So quickly we see that Becky is fired from her local news job – budget cuts, lack of experience, and a few other reasons let us know that she's certainly capable of her job… she was more than likely just at the wrong place at the wrong time to fulfill her dream of being a news producer on the Today show. But Becky isn't let down (almost annoyingly so). She hits the pavement hard and lands a gig at the fictional IBS network on the floundering, embarrassing, archaically terrible morning show Daybreak. Antics quickly ensue as Becky tries to steer this dilapidated ship, full of stock personalities: the aging, egocentric morning news anchor (Diane Keaton), the beautiful idiot, the rapping weather man, the producer that shows you the ropes and seemingly has no personality other than to say "wow, good job kid," etc. It's so stock that it feels like you're watching a library of casting tapes from Congress's hidden Library of Stereotypes.
Anyway, we see Becky battle the head honcho of the network (Jeff Goldblum) – without better ratings, Daybreak will be cancelled for the cheaper TV real estate of syndicated soap operas, talk shows, and other crappy programming of the like. Filled with montages and plenty of awkward encounters with a hunky network segment producer (played by Patrick Wilson, an underrated actor, who unfortunately phones in his most paper thin performance I've seen), we see Becky inevitably make headway… but of course, it's just not enough.
Enter Harrison Ford as an old school news anchor from the era of Rather, Brokaw, and Jennings. As you could have guessed, he's grumpy, eccentric, and just plain hard to get along with – the topping on the stereotype sandwich that you just had to have.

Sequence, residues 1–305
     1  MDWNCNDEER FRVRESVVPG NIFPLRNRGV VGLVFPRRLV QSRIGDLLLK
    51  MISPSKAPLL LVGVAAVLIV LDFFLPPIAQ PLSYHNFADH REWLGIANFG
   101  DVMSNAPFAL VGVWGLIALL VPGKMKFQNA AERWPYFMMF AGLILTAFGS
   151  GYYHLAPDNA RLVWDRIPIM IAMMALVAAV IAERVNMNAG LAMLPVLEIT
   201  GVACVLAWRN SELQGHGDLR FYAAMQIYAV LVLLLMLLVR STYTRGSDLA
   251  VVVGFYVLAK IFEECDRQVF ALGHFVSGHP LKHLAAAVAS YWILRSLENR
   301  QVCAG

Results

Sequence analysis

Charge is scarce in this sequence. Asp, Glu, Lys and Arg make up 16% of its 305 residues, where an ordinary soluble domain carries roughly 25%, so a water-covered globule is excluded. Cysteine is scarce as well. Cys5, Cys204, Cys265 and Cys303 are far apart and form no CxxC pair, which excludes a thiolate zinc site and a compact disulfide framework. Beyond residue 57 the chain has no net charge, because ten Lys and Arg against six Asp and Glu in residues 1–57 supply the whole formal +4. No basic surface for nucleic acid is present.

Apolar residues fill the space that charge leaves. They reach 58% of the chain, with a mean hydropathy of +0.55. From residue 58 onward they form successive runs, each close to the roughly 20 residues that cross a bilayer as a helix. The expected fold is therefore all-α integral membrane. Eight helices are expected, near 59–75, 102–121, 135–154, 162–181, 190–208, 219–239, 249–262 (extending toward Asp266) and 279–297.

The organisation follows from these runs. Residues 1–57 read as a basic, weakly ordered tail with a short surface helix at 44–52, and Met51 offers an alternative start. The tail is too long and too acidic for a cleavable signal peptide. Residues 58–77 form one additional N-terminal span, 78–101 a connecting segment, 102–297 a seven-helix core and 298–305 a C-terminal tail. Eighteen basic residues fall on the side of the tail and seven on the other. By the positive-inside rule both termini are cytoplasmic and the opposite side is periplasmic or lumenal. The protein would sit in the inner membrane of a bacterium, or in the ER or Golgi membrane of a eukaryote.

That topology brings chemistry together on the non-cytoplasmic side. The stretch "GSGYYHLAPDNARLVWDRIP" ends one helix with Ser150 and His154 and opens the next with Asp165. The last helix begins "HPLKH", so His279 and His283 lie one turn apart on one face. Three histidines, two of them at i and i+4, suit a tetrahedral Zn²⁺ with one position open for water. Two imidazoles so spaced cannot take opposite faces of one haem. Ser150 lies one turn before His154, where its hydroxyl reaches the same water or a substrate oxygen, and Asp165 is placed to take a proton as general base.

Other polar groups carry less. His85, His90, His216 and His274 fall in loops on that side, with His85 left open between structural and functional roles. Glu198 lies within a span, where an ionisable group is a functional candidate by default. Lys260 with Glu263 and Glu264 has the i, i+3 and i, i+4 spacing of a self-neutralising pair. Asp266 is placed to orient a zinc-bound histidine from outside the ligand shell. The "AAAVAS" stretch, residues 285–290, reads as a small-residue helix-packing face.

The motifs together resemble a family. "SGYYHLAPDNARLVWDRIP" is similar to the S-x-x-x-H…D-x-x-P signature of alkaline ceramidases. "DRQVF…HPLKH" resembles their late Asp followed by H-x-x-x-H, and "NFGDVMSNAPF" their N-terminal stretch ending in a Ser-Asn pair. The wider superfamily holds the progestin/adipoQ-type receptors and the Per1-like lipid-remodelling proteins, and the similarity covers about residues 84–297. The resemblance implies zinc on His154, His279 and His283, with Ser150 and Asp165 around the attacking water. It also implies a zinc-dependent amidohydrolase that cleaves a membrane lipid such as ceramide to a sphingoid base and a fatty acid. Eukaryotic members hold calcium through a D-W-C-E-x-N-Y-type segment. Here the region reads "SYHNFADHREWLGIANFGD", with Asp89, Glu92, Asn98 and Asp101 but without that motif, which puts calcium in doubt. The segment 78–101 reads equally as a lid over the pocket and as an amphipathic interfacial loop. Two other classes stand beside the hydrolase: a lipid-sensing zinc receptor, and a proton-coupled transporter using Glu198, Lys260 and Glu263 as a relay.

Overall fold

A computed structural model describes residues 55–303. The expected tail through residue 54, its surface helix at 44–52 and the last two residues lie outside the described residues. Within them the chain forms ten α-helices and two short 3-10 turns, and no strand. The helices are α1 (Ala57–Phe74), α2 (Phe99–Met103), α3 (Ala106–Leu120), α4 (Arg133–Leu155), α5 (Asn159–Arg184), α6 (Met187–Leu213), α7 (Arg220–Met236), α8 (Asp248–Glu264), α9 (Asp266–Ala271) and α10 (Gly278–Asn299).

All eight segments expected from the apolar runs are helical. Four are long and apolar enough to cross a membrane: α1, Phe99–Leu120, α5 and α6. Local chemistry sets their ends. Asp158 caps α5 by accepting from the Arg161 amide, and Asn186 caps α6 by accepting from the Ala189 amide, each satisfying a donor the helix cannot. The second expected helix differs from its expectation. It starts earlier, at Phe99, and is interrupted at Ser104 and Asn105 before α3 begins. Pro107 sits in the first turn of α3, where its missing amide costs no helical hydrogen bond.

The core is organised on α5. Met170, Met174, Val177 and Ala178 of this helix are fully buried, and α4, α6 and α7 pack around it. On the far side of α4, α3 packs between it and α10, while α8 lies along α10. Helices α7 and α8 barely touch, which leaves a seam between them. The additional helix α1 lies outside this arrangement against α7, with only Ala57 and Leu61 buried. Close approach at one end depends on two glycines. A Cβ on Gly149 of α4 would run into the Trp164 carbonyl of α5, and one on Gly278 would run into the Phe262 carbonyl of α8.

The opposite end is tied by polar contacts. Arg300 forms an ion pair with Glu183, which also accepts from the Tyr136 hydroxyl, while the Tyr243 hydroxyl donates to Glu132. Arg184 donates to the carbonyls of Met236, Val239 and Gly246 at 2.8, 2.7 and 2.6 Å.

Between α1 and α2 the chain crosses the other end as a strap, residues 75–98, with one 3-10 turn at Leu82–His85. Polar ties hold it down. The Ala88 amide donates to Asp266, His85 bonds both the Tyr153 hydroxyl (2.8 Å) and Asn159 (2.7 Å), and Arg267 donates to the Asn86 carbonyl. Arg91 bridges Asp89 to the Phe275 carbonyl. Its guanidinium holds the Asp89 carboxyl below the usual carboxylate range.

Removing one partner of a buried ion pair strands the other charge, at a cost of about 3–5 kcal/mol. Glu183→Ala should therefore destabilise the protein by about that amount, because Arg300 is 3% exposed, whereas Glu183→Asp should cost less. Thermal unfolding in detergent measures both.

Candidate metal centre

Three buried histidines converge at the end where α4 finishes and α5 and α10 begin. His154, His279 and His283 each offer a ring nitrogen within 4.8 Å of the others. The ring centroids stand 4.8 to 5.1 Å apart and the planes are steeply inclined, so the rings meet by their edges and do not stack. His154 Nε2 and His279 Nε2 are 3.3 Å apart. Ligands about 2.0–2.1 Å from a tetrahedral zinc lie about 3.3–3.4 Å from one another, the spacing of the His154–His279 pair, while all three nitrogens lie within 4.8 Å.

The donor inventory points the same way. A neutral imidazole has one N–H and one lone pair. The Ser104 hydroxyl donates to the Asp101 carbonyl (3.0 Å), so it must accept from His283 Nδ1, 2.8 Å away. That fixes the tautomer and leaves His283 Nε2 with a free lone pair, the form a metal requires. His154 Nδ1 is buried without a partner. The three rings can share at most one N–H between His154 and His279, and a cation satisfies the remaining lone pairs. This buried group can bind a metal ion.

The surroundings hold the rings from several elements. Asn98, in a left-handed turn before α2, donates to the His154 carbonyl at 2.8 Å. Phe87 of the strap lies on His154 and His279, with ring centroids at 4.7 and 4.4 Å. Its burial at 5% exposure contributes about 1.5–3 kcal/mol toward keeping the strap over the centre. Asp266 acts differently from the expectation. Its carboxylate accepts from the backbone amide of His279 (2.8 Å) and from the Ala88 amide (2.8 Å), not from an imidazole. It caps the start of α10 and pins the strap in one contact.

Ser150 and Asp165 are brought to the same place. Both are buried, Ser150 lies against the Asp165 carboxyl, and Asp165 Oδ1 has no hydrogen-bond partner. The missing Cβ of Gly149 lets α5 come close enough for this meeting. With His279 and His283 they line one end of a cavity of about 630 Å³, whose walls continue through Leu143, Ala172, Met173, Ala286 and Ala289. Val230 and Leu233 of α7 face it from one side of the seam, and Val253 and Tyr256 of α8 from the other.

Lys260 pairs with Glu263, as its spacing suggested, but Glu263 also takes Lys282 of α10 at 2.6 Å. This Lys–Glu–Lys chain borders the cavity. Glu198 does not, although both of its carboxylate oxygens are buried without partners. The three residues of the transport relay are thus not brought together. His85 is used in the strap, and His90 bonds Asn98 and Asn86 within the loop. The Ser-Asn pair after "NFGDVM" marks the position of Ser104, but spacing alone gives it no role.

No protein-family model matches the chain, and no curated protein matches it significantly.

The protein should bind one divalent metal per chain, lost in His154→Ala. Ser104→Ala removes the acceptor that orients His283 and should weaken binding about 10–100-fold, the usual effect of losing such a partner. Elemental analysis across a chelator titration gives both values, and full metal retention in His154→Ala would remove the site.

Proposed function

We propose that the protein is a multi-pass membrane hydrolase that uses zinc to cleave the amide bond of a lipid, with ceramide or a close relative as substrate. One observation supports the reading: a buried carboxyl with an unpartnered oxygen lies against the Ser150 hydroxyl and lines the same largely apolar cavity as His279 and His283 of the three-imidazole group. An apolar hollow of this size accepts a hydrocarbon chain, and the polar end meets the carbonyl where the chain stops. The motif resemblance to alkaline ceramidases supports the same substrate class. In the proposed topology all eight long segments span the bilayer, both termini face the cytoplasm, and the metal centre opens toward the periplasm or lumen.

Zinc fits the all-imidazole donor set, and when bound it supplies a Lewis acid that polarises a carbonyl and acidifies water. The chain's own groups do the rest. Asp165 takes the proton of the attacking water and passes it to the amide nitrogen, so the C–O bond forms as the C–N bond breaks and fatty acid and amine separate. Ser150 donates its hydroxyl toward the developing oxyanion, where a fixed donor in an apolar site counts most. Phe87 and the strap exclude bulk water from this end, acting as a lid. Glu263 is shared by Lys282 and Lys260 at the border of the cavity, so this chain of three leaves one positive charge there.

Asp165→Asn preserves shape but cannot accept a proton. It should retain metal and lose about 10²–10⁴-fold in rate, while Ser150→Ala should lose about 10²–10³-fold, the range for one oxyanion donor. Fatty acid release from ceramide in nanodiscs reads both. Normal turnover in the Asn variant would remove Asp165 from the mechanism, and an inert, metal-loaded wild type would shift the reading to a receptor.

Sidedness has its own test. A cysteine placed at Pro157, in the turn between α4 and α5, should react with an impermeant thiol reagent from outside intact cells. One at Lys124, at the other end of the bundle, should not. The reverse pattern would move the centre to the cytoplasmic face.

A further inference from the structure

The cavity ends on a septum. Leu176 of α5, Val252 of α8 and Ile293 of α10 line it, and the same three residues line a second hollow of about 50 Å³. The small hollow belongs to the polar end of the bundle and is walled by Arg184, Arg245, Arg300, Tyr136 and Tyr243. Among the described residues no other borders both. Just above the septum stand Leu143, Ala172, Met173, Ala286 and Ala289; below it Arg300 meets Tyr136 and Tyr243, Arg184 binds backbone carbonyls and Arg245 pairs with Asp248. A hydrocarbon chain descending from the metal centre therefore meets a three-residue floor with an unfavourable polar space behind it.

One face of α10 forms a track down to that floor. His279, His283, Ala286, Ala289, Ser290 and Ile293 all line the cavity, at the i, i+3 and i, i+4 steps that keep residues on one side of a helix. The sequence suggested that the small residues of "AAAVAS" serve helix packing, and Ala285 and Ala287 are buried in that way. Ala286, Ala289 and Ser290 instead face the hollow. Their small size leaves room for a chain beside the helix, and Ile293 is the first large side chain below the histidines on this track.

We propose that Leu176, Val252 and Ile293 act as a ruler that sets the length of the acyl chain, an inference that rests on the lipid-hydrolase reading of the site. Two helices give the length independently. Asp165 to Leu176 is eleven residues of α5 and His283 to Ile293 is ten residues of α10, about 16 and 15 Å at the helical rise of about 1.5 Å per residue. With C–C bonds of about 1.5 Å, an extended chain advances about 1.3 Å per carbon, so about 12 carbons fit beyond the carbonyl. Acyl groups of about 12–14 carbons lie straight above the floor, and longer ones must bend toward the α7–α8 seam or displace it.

Eventually, as you could have also guesses, Becky gets the crotchety Tom (Ford) come out of his shell. Becky, of course, is the first person in years who has given a crap about Tom in the first place, so there you go – you can fill in the rest with your imagination. I'll leave it a mystery as to whether the show is saved or not…
So yeah. Morning Glory is super predictable and subscribes to all the news broadcasts movies that we all know and enjoy. Minus Rachel McAdams' charm and the occasional clever banter between Harrision Ford and Diane Keaton – which is way too short lived for the greater good of the movie – there's no much there. Writer Aline Brosh McKenna simply got lucky with getting such a solid cast in place – the flatness of this story is so underwhelming without any clever stakes… I just yawn thinking about it.
Also, Harrison Ford. Love the guy, but I just don't know. Something seems off about him. That's not to say I don't love seeing him act in anything anymore (since he really doesn't that much anymore), but yeah. He seemed… weird. And it wasn't the character he was portraying. Just a general weird charisma that I don't even know was actually "charisma."
Long story long, Morning Glory wasn't the best, but in spite of what I've said above, it's certainly not the worst either. An enjoyable enough foray down stereotype and escapist lane that will serve as good fodder for those teen and tween couples who can't get into sold out Harry Potter screenings.
2 out of 4 morning yawns.